Espinoza on Tennyson

Espinoza
City councilman Rafael Espinoza in front of the Tenn Street Coffee & Bookstore on Tennyson Street.

Outgoing Denver City Council member Rafael Espinoza met with Rebchook Real Estate Corner at the Tenn Street Coffee & Books store at 4418 Tennyson St. on a recent sunny morning.

OPQ 4Q 300 x 250 Banner Ad

That is where we began our tour of the Tennyson Street corridor between West 44thAvenue and 38thAvenue.

It’s six blocks that formerly housed low-rise brick buildings and older homes that increasingly have been replaced – and often overshadowed – by much larger new buildings.

Espinoza won an unprecedented and historic victory in Denver’s District 1 when he defeated incumbent Susan Shepherd with 68.6% of the votes in 2015. He walked away from an almost guaranteed second term by not seeking re-elecion. He didn’t run again because he felt he could accomplish more on urban planning and neighborhood issues, such as helping to implement overlay districts, as a private citizen than as a council member.

OPQ 4Q 300 x 250 Banner Ad

Espinoza, an architect by training

Espinoza is believed to be the first and only architect ever elected to the Denver City Council.

I asked Espinoza if looking at buildings with an architect’s eye gives him insights that may go unnoticed by others.

“I think so,” Espinoza said. “Without sounding like an egotist, I would say that architects are trained to look at things a bit more holistically. An architect needs to not only know about design, but needs to know about financing, needs to know a bit of science and needs to know a bit about art.”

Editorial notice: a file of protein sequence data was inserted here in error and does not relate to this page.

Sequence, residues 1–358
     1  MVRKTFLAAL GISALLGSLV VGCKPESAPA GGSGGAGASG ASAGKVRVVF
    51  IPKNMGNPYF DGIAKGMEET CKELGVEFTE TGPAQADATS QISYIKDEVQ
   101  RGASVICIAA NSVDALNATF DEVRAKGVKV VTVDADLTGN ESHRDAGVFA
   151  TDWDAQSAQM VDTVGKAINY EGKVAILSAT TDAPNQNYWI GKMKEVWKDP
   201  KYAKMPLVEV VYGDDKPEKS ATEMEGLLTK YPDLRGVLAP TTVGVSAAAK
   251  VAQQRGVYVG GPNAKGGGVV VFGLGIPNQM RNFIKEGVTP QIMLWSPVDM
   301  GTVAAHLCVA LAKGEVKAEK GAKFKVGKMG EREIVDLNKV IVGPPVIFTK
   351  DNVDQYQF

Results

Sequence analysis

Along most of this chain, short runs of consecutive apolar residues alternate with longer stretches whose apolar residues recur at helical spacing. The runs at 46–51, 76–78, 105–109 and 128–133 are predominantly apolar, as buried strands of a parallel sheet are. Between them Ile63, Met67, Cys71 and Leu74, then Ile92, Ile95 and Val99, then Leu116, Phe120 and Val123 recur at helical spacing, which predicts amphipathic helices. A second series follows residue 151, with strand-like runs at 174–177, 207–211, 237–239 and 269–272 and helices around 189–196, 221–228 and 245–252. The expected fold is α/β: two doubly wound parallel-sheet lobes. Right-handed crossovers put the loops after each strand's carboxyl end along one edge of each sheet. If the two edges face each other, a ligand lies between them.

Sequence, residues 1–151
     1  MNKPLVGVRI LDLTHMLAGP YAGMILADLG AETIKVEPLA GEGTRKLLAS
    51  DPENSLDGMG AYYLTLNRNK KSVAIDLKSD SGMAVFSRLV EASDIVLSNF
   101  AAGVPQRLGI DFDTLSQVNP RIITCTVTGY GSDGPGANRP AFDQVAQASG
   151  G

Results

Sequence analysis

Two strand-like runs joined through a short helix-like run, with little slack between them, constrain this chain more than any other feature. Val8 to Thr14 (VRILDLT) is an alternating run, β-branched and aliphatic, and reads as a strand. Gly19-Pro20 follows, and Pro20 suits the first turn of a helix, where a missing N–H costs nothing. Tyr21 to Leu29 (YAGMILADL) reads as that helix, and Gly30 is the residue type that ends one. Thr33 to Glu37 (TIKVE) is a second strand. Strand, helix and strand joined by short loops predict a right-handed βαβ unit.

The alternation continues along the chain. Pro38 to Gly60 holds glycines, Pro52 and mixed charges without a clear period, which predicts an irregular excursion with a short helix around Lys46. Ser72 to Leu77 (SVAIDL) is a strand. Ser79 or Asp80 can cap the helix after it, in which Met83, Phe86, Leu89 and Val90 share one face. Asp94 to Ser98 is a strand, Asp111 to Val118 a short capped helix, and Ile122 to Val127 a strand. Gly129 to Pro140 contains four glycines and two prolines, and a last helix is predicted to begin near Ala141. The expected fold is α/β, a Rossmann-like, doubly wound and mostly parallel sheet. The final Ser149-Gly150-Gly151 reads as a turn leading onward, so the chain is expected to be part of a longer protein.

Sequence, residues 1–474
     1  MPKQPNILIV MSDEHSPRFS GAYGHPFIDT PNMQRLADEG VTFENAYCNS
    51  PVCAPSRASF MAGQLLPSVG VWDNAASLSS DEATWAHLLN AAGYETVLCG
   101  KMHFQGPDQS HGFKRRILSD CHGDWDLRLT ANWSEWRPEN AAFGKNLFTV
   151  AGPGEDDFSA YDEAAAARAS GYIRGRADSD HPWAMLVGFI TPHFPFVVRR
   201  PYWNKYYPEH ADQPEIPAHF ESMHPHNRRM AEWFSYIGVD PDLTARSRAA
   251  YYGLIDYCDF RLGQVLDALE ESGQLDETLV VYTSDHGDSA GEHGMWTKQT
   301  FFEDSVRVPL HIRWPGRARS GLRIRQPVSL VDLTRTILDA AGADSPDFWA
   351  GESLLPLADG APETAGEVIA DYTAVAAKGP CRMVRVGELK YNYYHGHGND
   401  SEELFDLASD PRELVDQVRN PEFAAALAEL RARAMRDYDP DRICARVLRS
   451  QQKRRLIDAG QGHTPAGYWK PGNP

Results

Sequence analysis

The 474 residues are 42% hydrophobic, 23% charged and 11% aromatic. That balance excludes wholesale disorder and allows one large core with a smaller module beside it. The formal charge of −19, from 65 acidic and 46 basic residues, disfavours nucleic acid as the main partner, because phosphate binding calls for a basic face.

MPQ 4Q 300 x 250 Banner ad

For this column, I wanted Espinoza to opine on what he sees as the good, the bad and the ugly along Tennyson Street. I thought his perception of Tennyson Street’s evolution resonates far beyond that commercial corridor in the Berkeley neighborhoods.

Espinoza

Councilman Rafael Espinoza doesn’t like that the apartment building in the background doesn’t have any setback from the sidewalk.

Changing Tennyson

That’s because with its  quickly changing urban fabric, Tennyson Street could stand as a proxy for what is happening in Denver’s hottest neighborhoods.

Before we began walking on the Friday morning before the Memorial Day weekend, I asked Espinoza to put Tennyson Street into context.

“It’s a good model for what not to do,” Espinoza said.

“Unfortunately, it’s been sort of the guinea pig of bad zoning consequences.”

Ground zero for slot homes

Most prominently, Tennyson Street is arguably ground zero of so-called slot homes. Slot homes are sideways-facing homes that allow the maximum number of units to be built on small lots.

“The ground-floor activity for slot homes took place on Tennyson,” Espinoza said.

Slots homes were so controversial and despised that the City Council unanimously banned construction of them  about a year ago. However, there are a number of slot homes still being built on Tennyson Street because they were in the works before they were outlawed.

Espinoza

Councilman Rafael Espinoza is concerned that slot homes will be built on this empty lot

“I get concerned when I walk along Tennyson Street and know that more slot homes are coming,” Espinoza said.

And it’s not just slot homes.

Activating ground floors

More generally, Espinoza would like the city to take a more “surgical and strategic,” look at requiring “ground-floor activation,” in apartments along Tennyson and elsewhere in the city.

By ground-floor activation, he means requiring commercial uses, whether retail or a restaurant, on the ground floor.

Indeed, one of the fundamental problems with the zoning along a corridor like Tennyson is that the new buildings are largely residential, not commercial, according to Espinoza.

“It could be 100% residential,” Espinoza said.

While bringing more people along a corridor at first blush may seem like a good thing, there needs to be a balance, Espinoza argues.

Commercial generates more tax revenue

Indeed, one of the drawbacks of new construction that is largely residential is that it deprives the city of tax revenues, he explained.